Senior citizens meet for gorilla’s birthday
Our senior primate Fatou celebrated her 59th birthday on the morning of the 13th April at 11am in her outdoor area at the zoo, making her the second oldest gorilla in the world. The oldest gorilla, Colo, from the zoo in Ohio, is just four months older.
Fatou celebrated with a beautifully decorated gift hamper that was filled with healthy delights such as pineapples, lettuce, dandelions and bananas.
A gorilla with a long history: coming to the zoo at the age of two, she later gave birth to Dufte, the first gorilla to be raised in Berlin, in 1974 and over the years she has built up a large fan base that gathered for her 59th birthday.
Fatou’s most faithful companion is probably Elisabeth Engel. The 88-year-old from Berlin has known Fatou right from the beginning and has been the primate’s godmother for many years, visiting her protégé every weekend at the zoo. The gorilla is very close to her heart – in the most literal sense of the word: “A while ago, I had severe heart valve problems, and one day, I was suddenly better again! The doctor said Fatou has fixed my heart,” said the senior citizen. Engel sees it as her duty to visit the gorilla regularly, she says, “and this duty is a great pleasure – it has enabled me to get better”. So, not only can Fatou send hearts racing, she can also fix them – a true angel! Of course, Elisabeth Engel could not miss Fatou’s big day. She is bringing her niece along all the way from Heidelberg, so that she can attend this extra-exclusive celebration with her.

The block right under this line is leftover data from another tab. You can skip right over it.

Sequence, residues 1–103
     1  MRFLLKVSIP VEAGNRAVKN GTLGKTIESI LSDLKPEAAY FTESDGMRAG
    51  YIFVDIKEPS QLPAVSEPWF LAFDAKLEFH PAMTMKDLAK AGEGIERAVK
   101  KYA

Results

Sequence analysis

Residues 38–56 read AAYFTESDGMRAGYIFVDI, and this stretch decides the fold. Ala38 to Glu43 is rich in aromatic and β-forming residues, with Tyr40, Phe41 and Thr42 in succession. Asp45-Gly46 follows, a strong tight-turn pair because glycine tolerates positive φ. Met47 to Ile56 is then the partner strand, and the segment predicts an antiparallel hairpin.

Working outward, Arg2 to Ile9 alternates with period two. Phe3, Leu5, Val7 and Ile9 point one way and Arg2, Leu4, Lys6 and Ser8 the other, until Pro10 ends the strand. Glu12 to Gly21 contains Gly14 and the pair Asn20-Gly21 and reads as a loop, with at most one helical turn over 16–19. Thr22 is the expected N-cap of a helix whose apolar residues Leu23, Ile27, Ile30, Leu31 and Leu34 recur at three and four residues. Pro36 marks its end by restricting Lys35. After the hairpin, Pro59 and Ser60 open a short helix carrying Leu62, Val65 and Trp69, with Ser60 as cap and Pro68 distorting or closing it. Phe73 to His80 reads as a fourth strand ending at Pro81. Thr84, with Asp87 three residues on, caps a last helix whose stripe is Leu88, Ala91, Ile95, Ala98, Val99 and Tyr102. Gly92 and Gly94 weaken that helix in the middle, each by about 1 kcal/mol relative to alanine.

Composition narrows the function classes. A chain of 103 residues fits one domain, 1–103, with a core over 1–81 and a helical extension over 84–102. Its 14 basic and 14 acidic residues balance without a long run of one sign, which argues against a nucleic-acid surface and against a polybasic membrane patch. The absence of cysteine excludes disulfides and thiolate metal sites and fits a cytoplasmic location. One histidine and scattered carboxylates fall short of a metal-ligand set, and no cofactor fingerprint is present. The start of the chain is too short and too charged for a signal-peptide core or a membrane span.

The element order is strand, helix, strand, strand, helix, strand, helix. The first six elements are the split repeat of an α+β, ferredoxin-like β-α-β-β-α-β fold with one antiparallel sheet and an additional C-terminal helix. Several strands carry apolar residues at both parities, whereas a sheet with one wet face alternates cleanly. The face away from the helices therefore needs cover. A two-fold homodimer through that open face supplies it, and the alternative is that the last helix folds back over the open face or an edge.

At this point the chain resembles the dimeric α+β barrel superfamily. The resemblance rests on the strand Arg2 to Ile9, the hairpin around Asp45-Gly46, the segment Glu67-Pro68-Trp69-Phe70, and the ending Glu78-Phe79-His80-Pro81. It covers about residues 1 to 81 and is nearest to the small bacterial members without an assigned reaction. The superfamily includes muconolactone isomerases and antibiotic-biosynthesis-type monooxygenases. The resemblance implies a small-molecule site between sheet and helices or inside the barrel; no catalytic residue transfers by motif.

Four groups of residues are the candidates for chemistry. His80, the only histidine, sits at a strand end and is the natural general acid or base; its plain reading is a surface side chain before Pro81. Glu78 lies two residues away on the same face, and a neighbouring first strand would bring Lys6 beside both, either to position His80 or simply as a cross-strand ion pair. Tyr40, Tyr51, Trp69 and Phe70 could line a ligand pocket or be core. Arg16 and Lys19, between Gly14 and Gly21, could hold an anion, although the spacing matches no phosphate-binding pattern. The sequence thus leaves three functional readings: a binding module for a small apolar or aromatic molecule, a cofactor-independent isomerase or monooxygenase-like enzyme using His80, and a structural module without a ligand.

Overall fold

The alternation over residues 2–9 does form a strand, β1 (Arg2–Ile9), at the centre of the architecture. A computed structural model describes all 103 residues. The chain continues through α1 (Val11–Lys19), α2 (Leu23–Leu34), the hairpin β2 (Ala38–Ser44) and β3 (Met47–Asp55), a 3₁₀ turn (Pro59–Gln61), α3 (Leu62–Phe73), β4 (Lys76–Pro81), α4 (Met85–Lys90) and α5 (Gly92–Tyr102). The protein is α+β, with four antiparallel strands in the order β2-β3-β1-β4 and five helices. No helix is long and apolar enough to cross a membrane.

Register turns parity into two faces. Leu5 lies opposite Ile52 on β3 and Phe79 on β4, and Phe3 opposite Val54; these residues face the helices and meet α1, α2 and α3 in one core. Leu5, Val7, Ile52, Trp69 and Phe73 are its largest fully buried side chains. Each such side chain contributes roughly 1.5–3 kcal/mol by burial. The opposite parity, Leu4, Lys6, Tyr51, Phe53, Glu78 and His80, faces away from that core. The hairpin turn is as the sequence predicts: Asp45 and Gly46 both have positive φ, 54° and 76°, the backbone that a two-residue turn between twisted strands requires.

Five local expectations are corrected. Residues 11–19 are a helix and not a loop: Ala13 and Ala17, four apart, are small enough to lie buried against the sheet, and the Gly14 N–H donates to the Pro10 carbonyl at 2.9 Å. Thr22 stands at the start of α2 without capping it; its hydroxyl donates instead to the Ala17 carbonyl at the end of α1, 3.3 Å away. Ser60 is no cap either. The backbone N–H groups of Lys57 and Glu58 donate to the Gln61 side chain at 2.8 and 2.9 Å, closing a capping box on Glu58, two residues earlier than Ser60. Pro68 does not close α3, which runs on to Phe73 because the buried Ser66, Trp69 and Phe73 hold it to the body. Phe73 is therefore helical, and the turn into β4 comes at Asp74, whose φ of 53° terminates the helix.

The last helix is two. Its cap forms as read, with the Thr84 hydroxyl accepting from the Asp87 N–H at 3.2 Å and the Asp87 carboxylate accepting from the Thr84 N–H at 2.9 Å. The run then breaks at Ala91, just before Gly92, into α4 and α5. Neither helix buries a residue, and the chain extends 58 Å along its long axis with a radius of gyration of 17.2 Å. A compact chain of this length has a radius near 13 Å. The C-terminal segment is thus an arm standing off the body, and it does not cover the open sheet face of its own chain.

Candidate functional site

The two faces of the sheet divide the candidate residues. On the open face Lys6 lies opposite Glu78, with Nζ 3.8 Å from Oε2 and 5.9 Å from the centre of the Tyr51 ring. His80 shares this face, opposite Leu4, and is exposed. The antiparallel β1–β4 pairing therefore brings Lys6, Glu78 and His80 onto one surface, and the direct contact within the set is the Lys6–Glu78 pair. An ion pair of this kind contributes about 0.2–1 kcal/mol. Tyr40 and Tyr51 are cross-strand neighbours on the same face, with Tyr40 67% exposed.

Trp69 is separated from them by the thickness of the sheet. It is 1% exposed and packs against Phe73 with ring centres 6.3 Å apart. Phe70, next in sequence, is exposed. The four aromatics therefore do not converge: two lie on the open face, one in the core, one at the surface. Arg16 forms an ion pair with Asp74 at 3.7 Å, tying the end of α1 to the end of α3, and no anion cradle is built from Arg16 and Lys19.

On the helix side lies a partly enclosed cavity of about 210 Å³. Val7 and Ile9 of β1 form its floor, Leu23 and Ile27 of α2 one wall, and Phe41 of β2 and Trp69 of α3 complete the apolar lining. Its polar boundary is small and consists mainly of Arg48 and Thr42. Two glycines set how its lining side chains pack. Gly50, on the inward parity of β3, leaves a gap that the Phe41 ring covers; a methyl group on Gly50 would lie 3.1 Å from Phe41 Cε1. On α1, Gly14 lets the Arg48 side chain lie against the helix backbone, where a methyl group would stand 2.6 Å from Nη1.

Zoo director Dr Andreas Knieriem is delighted that the female ape is still in good health despite her old age: “This senior gorilla’s great day is a reminder of how important it is to protect this species. The clearing of the rainforest is destroying more and more vital living space for the great apes. Poaching and the lethal Ebola virus are further serious dangers for the gorilla population in the wild. All gorilla species are at risk of extinction. Fatou’s birthday is also an occasion to make people more aware of this issue.”
Up to two metres in height, gorillas are the largest of the great apes on earth today, yet there are just 100,000 of them estimated to still be in existence in the wild.